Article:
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Let's start with a simple example class:

public class Foo
{
    public DateTime Date { get; set; }
    public decimal Price { get; set; }
}

Then create a list:

List<Foo> foos = new List<Foo>;

I would like to return a formatted price or "N/A" of one item in the list based on a date, so for example I could write:

Foo foo = foos.FirstOrDefault(f => f.Date == DateTime.Today);
string s = (foo != null) ? foo.Price.ToString("0.00") : "N/A";

I would like to combine the above 2 lines like the following:

string s = foos.FirstOrDefault(f => f.Date == DateTime.Today).Price.ToString("0.00") ?? "N/A";

However, this does not achieve what I want because if (f => f.Date == DateTime.Today) does not return a Foo then a NullReferenceException is thrown.

Therefore, is it possible with LINQ to create just 1 statement to either return the formatted price or "N/A"?

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3 Answers 3

up vote 10 down vote accepted

If you filter first and then select, you can use the null coalescing operator (??) like so:

string price = foos.Where(f => f.Date == DateTime.Today)
                   .Select(f => f.Price.ToString())
                   .FirstOrDefault() ?? "N/A";
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This works but Allon forgot the () after ToString –  Mike Cheel Oct 12 '11 at 12:00
    
@MikeCheel: Fixed, thanks. –  Allon Guralnek Oct 12 '11 at 12:02
    
Exactly what I was after - thank you. –  Barry Kaye Oct 12 '11 at 12:07

One way would be to simply check if result of FirstOrDefault is null, before calling ToString:

var todayFoo = foos.FirstOrDefault(f => f.Date == DateTime.Today);
var s = todayFoo != null ? todayFoo.Price.ToString("0.00") : "N/A";

Another way would be to create an extension method for a coalescing operator which also accepts a projection delegate, something like:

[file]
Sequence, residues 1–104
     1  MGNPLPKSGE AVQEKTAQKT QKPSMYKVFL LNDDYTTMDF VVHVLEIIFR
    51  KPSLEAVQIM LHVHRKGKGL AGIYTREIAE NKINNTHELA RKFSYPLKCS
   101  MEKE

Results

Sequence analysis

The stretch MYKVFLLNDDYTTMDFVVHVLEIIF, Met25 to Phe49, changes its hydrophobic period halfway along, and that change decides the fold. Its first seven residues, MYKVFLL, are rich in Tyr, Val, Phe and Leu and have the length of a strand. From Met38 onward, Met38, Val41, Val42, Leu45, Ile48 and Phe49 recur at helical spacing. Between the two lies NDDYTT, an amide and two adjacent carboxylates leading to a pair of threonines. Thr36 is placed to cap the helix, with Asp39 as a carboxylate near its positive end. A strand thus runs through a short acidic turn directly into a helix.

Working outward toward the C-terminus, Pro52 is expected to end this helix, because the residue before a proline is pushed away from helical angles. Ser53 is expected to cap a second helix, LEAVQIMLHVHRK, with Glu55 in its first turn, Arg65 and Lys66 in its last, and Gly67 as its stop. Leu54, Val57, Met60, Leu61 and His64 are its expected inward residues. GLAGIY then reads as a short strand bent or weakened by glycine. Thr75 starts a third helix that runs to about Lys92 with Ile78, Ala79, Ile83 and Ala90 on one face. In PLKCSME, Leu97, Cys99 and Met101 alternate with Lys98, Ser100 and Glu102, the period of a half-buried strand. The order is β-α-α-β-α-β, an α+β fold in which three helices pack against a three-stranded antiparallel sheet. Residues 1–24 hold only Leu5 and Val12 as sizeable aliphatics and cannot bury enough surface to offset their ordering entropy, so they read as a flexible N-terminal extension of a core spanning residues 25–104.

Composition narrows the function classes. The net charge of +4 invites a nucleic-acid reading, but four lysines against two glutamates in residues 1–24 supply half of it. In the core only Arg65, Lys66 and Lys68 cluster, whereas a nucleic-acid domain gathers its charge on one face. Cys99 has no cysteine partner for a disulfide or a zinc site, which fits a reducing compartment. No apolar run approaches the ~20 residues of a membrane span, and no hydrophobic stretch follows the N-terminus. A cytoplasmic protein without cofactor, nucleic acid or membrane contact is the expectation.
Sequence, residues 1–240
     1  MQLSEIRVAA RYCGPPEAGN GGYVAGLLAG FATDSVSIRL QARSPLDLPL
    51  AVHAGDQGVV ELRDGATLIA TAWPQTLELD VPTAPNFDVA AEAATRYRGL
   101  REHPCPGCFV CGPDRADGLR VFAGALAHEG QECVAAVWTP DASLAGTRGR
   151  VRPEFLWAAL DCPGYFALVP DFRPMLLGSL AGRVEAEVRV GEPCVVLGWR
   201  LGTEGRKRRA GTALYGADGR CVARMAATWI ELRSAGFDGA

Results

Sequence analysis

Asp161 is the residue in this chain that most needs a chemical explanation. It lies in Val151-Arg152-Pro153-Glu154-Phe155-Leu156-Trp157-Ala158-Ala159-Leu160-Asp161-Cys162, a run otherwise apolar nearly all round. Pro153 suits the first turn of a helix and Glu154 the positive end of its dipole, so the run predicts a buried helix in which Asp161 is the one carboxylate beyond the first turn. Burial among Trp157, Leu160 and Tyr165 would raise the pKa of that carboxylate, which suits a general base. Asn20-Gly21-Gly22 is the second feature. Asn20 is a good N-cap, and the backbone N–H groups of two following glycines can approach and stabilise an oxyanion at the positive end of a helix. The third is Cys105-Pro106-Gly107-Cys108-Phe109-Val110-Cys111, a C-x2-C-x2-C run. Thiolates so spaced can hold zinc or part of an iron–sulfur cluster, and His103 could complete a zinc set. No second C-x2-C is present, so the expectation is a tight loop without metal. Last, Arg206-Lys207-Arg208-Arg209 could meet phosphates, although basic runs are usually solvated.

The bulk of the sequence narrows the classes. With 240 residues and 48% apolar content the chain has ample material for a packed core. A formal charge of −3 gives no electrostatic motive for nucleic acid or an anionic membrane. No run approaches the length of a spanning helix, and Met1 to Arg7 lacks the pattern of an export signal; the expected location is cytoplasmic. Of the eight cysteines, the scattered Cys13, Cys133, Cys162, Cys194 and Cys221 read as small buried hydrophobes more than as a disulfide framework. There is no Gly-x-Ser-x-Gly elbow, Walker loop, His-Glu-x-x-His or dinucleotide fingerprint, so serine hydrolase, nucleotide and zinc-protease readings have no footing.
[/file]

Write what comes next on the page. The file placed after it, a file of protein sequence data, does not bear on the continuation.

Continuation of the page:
public static class ObjectExt
{
    public static T2 Coalesce<T1, T2>(
         this T1 obj, Func<T1, T2> projection, T2 defaultValue)
    {
        if (obj == null)
            return defaultValue;

        return projection(obj);
    }
}

And then call it like this:

var s = foos
         .FirstOrDefault(f => f.Date == DateTime.Today)
         .Coalesce(t => t.Price.ToString("0.00"), "N/A");
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thank you - I really like the extension method, however, I just feel that Allon's solution is more succinct and importantly for me (although it wasn't a requirement) more versatile for other scenarios. –  Barry Kaye Oct 12 '11 at 12:06
    
@Barry: I agree, Allon's solution is simpler. LINQ allows this because of its lazy execution, but you can use the extension method in other cases (any time you need to coalesce before accessing a property). –  Groo Oct 12 '11 at 12:12
    
@Groo: Actually, it's not because of lazy evaluation - you can put .ToArray() after each method call to prevent lazy evaluation and it will still work. It's due to the set-based nature of the operations, where an empty set is still a set, and so projection on it will not throw a NullReferenceException. Nevertheless, your extension method is very useful. –  Allon Guralnek Oct 12 '11 at 12:17

string s = foos.Where(f => f.Date == DateTime.Today).Select(f => f.Price.ToString("0.00")).FirstOrDefault();

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